“Essential” Means Underpaid and Unprotected

What we owe the people we rely on during the pandemic

Andy Slavitt
Medium Coronavirus Blog


Credit: RichLegg / Getty Images

If someone tells you that you’re “essential,” you’re going to want to run the other way. Because “essential” now means underpaid, unappreciated, sacrificial, and there to serve everyone else.

In the future, definitions in the dictionary are going to need to include what “essential worker” came to mean during the Covid-19 crisis. You were essential, but your health, your income, your life, your safety net, and your well being turns out are “not as essential.”

Keeping America’s steaks and Big Macs was essential to Trump as he called meat packing plants essential before they could retrofit so as to not become blazing hot spots. You show who’s essential by who you protect and who you don’t.

Asking people to go to work to keep America moving is nothing new to people who get up early in the morning to pick crops, drive trucks, move boxes, stock shelves, ring the register and bring things to our doors.

However, other countries like Italy drew much harder lines and asked for much more sacrifice than we did. Shopping only on certain days of the week. Better isolation. More short-term pain for all for quicker long-term gain instead of luxury for some on the shoulders of others.

A crisis shows our truest colors. The U.S. put the needs of the well-off first, asking for relatively-speaking minor sacrifice (other than learning Zoom angles and teaching math to our kids, which is actually no small thing). But “essential” workers have it different.

Essential workers sleep on couches to reduce family spread, beg for masks, take public transport and of course, interact with “non essential” people who refuse to wear masks or socially distance. This just scratches the surface of the indignities of being “essential.”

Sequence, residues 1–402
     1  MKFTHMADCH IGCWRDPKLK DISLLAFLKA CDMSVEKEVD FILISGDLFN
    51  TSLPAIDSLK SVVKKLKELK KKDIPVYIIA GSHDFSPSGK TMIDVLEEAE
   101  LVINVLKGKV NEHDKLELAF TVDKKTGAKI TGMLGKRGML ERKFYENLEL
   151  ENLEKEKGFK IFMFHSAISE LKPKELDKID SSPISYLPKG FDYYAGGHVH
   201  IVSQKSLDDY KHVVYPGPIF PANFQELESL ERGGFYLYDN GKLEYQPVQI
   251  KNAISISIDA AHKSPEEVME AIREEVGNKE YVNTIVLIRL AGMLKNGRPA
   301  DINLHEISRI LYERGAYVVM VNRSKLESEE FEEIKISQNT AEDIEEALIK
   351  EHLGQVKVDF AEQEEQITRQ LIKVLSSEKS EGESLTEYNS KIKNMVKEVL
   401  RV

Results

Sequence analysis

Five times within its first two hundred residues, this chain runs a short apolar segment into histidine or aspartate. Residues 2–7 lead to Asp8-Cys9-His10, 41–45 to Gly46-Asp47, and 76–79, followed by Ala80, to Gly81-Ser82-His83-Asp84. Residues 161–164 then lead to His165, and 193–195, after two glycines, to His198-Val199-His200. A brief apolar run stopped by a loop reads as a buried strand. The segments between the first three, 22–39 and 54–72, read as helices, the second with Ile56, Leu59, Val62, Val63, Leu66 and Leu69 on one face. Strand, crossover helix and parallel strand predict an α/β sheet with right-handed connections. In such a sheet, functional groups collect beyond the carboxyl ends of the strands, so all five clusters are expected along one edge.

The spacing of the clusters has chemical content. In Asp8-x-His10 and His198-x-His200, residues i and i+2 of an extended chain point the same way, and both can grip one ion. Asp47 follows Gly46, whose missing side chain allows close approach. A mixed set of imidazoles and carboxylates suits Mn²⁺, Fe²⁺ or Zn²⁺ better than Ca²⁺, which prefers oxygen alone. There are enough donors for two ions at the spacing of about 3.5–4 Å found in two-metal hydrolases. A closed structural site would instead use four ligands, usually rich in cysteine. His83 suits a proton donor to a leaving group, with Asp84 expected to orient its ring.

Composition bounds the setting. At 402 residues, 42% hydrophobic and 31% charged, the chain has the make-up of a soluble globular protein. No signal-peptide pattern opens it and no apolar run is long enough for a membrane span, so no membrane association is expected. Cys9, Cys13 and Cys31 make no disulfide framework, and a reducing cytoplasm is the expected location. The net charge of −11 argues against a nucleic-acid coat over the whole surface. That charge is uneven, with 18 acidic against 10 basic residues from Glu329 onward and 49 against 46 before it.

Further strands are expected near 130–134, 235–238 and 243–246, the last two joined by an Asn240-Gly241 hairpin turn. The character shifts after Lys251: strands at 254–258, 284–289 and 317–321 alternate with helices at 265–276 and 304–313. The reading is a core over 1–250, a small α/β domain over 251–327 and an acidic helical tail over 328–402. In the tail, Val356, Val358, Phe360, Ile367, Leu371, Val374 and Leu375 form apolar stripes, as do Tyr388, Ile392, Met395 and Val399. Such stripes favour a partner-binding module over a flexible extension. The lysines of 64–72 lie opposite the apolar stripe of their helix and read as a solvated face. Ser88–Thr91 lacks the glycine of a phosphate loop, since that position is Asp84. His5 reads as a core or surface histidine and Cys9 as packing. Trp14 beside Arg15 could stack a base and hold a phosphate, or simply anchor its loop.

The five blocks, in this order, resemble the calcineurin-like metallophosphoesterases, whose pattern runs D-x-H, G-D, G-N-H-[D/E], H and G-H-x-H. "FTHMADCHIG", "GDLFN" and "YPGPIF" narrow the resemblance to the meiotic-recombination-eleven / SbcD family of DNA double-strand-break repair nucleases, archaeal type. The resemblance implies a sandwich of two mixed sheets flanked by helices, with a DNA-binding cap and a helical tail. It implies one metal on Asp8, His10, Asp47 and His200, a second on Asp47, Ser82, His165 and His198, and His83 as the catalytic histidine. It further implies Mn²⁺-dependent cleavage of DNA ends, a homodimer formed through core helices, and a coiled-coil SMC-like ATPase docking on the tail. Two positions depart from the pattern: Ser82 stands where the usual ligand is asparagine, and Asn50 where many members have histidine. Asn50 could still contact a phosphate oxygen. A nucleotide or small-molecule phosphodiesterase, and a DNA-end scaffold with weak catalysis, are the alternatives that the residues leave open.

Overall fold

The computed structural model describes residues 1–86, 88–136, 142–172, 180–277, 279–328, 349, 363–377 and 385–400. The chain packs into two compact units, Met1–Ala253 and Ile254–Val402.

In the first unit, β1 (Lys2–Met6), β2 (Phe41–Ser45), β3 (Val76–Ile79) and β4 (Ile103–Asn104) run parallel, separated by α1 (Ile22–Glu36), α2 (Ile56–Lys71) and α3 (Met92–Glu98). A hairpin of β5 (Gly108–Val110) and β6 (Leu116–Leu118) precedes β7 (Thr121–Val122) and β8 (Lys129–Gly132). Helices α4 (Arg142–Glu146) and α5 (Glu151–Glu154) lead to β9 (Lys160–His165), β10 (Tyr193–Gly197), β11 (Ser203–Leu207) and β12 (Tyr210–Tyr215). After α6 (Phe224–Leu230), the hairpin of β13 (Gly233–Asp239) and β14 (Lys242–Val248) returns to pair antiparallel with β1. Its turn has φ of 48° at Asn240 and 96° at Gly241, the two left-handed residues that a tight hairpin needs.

Black communities not only have been getting disproportionately sicker from Covid-19 but are disproportionately asked to work to support the rest of the country. Wonder if there’s any correlation…

How grateful are we as a nation to the essential? Well, we decided that as of May, if people couldn’t work for health reasons, they wouldn’t get unemployment in most states — starting in Georgia.

We decided not to ensure people had their health care costs paid for. Or make sure they got access to enroll in health care if they got laid off.

Now Mitch McConnell says he won’t renew unemployment insurance. He does want employers released from liability if you get sick in the job. And he’s willing to have a showdown with our lives as stakes this month.

There’s been no hazard pay, job guarantee, minimum wage (let alone UBI), guaranteed paid sick leave. We are seeing the longest food lines seen in anyone’s lifetime and now we are allowing people to get evicted from their apartments.

People who can’t make rent in this difficult time—including many who we think of as “essential”—will be evicted along with their families. Unless Congress stops it. The House passed a bill to protect them. The Senate again isn’t moving yet.

Trump has mismanaged our coronavirus response so epically and miserably that he’s not going to try to fix it. But instead run a re-election off of “job growth” numbers. Trump is taking a dollar from you and giving you back five cents and taking a bow over the nickel.

Yes, Trump campaign supporters will repeat this as “a wonderful economy.” An economy built on Amazon and GrubHub orders while food lines for the essential workers there are at record levels.

If Trump and McConnell want to run in 2020 on the economy, they should start by making it a priority to keep people safe, put money in their pockets and allow them to avoid medical debt, homelessness and hunger. That’d be a good start for someone you consider essential.

What do we owe people we rely on so much? A plan:

  • Retrofit workplaces with inbound air systems and filters
  • Require masks be worn in their presence
  • Safe transportation
  • Daily testing as needed
  • High quality masks guaranteed
  • A living wage that doesn’t disappear after the crisis
  • Health care guaranteed not tied to their jobs
  • Paid family leave/paid sick leave
  • Comfortable isolation options if they get sick
  • Vaccine priority

And essential workers should be reason enough for us to mask up. If it’s a hardship for you to wear a mask, please don’t force people who have no choice to come face to face with you.

Single moms with a sick kid. Someone who can’t visit an elderly parent. Laborers with a family in a 1-bedroom apartment. I hear from all of them. These are the people we don’t see very well when we make policies and talk about the “essential worker.”

We have non-profits working over time with shrunk budgets trying to help. We have a Congress that won’t act and a president who doesn’t care.

Our proud tradition of stepping up for people in need in this country in times of need or floods or hurricanes will instead become our own 21st century Dickens story. If we don’t do something, this is how the history of Covid-19 will be told.

This is pulled and lightly edited from my July 7 Twitter thread.